A slowdown in industrial output and retail sales has seen China’s economy stumble in the second half of 2012, alarming investors who had hoped the world’s second largest economy would be immune to the troubles affecting the US and Europe.
The economy slowed to 7.6 percent for the second quarter of this year, the lowest rate China has seen since 2009. Industrial output slumped to 9.2 percent in July, despite forecasts that it would rise from the 9.5 percent in June.
In a note to clients, Nomura economist Zhang Zhiwei said: “Weak industrial production growth is likely to trigger stronger policy easing. The possibility of an interest-rate cut has increased.”
After the economic crisis in 2009, China responded with a mammoth stimulus package that boosted growth. It is unlikely, however, that Premier Wen Jiabao will sanction anything like the $585bn package this time, although some form of stimulus is expected to help aid the recovery.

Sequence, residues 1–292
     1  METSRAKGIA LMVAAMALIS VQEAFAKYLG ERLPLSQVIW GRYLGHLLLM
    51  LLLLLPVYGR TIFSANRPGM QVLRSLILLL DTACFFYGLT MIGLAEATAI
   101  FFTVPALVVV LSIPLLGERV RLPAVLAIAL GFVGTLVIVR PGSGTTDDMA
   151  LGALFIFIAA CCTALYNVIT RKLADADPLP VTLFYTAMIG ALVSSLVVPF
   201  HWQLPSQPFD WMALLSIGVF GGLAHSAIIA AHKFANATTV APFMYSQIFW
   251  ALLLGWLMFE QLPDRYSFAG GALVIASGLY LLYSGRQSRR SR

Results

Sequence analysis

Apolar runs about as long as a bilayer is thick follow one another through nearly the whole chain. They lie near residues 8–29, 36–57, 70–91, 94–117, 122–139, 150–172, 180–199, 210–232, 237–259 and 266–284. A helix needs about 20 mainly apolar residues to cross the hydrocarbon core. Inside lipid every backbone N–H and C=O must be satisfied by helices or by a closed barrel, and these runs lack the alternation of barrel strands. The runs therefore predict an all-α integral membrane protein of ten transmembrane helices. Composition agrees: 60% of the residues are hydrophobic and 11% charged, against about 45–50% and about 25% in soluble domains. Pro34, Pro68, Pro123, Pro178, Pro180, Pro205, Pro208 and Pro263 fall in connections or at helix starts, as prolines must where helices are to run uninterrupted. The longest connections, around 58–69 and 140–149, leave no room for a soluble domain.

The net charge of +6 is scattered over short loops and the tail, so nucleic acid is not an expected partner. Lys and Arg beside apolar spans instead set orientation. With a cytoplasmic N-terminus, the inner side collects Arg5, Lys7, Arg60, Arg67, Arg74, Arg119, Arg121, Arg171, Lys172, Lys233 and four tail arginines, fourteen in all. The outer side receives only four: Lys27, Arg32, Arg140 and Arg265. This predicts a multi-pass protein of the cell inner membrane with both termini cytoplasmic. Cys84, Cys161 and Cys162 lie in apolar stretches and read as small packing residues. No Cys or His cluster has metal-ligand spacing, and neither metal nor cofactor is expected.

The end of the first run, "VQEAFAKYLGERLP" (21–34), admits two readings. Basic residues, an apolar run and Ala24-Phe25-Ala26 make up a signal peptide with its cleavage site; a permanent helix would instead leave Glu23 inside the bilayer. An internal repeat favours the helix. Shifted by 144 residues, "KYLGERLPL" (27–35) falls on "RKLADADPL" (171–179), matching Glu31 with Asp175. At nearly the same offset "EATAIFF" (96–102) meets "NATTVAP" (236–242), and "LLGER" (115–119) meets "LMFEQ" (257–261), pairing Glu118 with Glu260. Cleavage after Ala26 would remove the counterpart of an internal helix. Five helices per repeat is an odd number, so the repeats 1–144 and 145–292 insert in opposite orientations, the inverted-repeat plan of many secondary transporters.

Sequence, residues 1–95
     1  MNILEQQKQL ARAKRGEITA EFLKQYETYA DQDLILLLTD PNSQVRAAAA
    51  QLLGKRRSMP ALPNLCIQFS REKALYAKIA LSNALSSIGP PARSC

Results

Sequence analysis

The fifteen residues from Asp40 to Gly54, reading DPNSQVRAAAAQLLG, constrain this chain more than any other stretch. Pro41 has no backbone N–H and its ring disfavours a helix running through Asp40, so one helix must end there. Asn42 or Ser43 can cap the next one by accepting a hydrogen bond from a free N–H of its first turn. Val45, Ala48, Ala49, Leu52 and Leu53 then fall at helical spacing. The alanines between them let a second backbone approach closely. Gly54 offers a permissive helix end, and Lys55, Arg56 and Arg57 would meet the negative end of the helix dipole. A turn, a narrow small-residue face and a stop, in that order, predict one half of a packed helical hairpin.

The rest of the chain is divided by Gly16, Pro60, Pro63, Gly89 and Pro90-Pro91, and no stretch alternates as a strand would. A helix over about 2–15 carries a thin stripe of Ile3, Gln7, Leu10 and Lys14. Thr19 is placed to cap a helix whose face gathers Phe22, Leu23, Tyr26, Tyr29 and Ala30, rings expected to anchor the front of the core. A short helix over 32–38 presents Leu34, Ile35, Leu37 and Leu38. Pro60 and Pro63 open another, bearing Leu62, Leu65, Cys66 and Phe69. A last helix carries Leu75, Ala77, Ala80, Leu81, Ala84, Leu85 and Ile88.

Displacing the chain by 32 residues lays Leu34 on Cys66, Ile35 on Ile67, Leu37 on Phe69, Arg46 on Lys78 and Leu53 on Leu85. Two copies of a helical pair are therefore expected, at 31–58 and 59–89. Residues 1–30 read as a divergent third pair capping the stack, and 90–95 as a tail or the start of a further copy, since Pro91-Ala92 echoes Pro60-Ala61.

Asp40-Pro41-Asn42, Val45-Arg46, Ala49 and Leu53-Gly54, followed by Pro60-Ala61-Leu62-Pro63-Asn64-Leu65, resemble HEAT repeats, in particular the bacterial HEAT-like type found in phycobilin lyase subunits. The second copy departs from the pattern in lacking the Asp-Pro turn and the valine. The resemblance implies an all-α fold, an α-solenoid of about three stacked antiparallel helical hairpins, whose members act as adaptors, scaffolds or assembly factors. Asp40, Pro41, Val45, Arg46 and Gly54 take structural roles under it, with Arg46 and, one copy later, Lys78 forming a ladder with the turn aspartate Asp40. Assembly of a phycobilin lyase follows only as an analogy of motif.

The Chinese administration has been eager to stay away from large stimulus packages in recent years, with more of a focus on steady growth, something which some analysts believe will happen now. Yiping Huang, Barclay Capital’s chief economist for Asia, told Reuters: “The recovery will be very modest – more like stabilisation and gradual improvement.”